The hamstrings are one of the most important muscle groups to improve athleticism, overall strength, explosiveness and becoming as powerful as you can. In this edition I’ll mainly focus on the hamstrings as a weak point, while on a future thread I’ll give you strategies on how you can turn them into bulletproof strings of steel.
The three muscles of the posterior thigh (semitendinosus, semimembranosus, biceps femoris long & short head) flex (bend) the knee, while all but the short head of biceps femoris extend (straighten) the hip.
The hamstrings cross and act upon two joints – the hip and the knee – and as such are termed biarticular muscles.
Semitendinosus and semimembranosus extend the hip when the trunk is fixed; they also flex the knee and medially (inwardly) rotate the lower leg when the knee is bent.
The long head of the biceps femoris extends the hip, as when beginning to walk; both short and long heads flex the knee and laterally (outwardly) rotate the lower leg when the knee is bent.
The hamstrings play a crucial role in many daily activities such as walking, running, jumping, and controlling some movement in the gluteus. In walking, they are most important as an antagonist to the quadriceps in the deceleration of knee extension.
Anatomically it makes sense to perform hip extension as well as knee flexion movements when training the hamstrings. Simply focusing on hip extension variations and completely neglecting knee flexion movements is a mistake that most people that want to train more athletically, often make.
When you sprint, there’s still knee flexion occurring, it’s never a simple hip extension, so instead of avoiding knee flexion movements simply for the sake of “training minimalism” (which I’m against for the most part) is a surefire way for injuries and leaving gains in the tank.
My favorite hamstring movements are Box Squats, Good Morning variations, RDLs, Nordic curls, deficit deadlifts, sled pulls, GHRs, reverse hypers and leg curl variations.
As always a variety of training intensities and volume will bring the best results, in conjunction with increased frequency and/or Nucleus Overload, especially when trying to bring up a lagging body part.
I typically prescribe two lower body days, the first being a higher intensity (heavier weights) with lower to moderate volume (the amount of total reps per muscle group), and a lower intensity and high/ultra high volume day.
The Box squat when executed properly is posterior chain dominant. What do I mean by properly? The knees don’t travel past your toes and you essentially squat “back” not down. Keep in mind that there’s nothing wrong with knees over toes in other exercises, but to take advantage of all the benefits of this variation do it how it’s supposed to be done. I usually prescribe box squat variations for Max Effort work and heavy singles/PRs and for speed work for those that need it. You can also switch speed work for a more hypertrophy focused approach and get pretty good results
For the Good Mornings and RDLs I typically stick within the 8-12 rep range when used as accessory movements, with the occasional 3-5 reps for Max Effort. One important thing to remember is to push your hips back and to not simply bend over.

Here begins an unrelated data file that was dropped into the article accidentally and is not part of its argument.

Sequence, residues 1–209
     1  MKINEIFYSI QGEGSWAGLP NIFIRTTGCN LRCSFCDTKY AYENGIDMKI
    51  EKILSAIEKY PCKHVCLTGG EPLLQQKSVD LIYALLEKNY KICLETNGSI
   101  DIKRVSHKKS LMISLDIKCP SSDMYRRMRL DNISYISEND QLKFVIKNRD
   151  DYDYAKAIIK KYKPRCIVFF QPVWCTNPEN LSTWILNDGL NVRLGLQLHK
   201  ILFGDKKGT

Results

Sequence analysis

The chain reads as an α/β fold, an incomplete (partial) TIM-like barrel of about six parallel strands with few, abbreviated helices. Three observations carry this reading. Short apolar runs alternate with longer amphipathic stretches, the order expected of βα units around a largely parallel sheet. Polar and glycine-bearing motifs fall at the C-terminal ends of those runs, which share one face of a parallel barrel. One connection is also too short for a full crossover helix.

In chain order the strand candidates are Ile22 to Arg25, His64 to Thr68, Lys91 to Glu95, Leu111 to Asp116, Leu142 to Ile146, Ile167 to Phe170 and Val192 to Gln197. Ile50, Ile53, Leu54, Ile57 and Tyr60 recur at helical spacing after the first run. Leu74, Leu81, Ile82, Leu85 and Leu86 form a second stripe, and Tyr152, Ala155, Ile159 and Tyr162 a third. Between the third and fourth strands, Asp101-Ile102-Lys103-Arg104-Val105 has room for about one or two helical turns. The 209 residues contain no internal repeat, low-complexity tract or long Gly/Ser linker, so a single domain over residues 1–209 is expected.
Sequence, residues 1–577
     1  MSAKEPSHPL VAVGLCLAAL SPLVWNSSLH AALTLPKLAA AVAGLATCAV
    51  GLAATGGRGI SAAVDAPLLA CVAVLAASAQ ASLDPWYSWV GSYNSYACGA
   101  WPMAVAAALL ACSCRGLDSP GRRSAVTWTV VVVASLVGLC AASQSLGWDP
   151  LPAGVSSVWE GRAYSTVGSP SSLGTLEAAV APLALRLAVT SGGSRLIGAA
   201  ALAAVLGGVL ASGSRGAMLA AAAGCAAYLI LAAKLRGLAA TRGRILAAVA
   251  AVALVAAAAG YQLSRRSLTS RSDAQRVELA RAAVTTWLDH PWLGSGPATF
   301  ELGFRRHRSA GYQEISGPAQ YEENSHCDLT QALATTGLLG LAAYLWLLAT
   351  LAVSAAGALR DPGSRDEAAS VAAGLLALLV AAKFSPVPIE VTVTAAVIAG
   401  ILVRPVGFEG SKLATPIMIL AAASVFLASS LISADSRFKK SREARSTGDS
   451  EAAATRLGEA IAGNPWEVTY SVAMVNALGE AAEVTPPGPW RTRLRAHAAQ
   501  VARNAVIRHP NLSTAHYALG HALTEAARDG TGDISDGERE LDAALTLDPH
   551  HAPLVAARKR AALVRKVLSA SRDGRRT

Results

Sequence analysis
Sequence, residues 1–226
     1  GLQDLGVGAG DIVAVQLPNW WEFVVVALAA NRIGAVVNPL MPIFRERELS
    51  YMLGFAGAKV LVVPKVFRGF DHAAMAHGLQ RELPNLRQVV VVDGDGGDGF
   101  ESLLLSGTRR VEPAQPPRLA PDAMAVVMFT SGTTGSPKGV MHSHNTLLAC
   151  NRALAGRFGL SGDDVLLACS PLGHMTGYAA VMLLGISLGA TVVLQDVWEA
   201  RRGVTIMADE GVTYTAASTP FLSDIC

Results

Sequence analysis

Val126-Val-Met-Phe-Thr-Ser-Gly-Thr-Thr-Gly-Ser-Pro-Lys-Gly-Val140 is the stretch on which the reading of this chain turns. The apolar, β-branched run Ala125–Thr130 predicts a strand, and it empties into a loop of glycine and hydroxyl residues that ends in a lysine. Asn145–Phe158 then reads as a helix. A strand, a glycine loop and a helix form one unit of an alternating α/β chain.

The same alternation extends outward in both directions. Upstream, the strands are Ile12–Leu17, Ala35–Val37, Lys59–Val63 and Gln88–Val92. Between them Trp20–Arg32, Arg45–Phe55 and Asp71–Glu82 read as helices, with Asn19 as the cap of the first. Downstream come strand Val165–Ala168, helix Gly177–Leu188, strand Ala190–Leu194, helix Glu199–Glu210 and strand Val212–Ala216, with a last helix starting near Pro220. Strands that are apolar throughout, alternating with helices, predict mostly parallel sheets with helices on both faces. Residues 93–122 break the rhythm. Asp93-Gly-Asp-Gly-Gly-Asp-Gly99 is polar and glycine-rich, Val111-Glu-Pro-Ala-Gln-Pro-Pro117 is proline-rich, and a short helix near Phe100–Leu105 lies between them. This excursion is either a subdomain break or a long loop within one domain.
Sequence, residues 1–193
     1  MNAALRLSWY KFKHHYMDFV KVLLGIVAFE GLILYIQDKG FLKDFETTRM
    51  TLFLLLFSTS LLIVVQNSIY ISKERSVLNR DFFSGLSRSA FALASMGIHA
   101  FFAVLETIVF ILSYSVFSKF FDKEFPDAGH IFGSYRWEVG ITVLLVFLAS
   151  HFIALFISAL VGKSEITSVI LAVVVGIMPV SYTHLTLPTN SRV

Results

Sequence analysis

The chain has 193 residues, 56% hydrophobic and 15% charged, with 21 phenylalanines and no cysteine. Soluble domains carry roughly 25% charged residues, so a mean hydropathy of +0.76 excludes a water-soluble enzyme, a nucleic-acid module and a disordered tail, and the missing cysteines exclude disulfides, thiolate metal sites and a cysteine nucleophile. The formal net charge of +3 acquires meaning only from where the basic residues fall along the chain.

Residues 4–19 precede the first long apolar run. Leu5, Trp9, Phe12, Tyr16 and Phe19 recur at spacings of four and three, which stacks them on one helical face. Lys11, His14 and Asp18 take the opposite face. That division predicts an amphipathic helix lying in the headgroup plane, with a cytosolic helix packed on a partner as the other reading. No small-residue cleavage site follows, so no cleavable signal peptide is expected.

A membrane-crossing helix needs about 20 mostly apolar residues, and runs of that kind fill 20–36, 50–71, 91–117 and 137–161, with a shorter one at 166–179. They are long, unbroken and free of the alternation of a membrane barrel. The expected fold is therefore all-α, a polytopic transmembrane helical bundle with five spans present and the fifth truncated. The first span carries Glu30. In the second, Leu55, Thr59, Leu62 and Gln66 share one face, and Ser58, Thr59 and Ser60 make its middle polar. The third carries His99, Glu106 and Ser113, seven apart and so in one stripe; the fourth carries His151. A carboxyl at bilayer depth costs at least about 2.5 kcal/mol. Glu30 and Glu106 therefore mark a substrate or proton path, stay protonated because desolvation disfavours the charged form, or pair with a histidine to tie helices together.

If you’re one of those people that claim they can’t “feel” their hamstrings, try the seated Good Morning and let me know how you feel the next day.
Nordic curls are a favorite of mine, that will not only help you forget what weak, injury prone hamstrings feel like, but will also increase their size, especially when progressing to Nordic curls with a weighted vest.
For leg curls, I typically stick within the 4-6 rep range (since the hamstrings are primarily fast twitch muscles) and finish every lower body workout with ultra high reps of leg curls. Typically going for a set of 100-200 or for time on a different leg curl variation each time. This can be a machine variation, a band variation or even with the use of ankle weights. That’s how you strengthen the tendons and ligaments, but more on that on the upcoming Bulletproof series. It can also count as a form of Nucleus Overload without over complicating things.
One thing you should remember is that by varying the positioning of your feet you get to recruit different parts of the hamstrings more over others and they all count as different variations. So instead of thinking that you only have seated, standing, lying leg curls now you have 3 additional variations for each of these movements. All you have to do is simply point your feet inwards,outward or keep them neutral and there you go.
Another tip for the leg curls is to use dorsiflexion when flexing the knee and use plantar flexion when lowering the weight/extending the knee. These techniques come from the late Charles Poliquin, a man whose training produced myriads of Olympic medalists.
Sled pulls are a favorite of mine and a more athletic/functional movement to overload the hamstrings. You can either do heavier weights for shorter distances or moderate/lower weights for a longer distance.
Reverse hypers is in my opinion one of the best “bulletproof-ing” exercises out there, while providing enough traction and volume to increase the mass of the posterior chain. Higher rep ranges are typically used with the occasional heavier 8-12 reps. Make sure you watch a video of Louie Simmons explaining how to use proper form before you attempt these.
Deficit deadlifts is another amazing hamstring builder as well as way to improve your pulls, especially if you struggle to lift the bar off the floor all the way to mid shin. I primarily use them for Max Effort work but can be also used as back down sets to address your weaknesses typically within a 4-6 or 6-8 rep range.
So there you have it, literally all you need in order to make hamstring size and strength gains.
Use these strategies and you’ll be surprised with the results and by how quickly you can become stronger.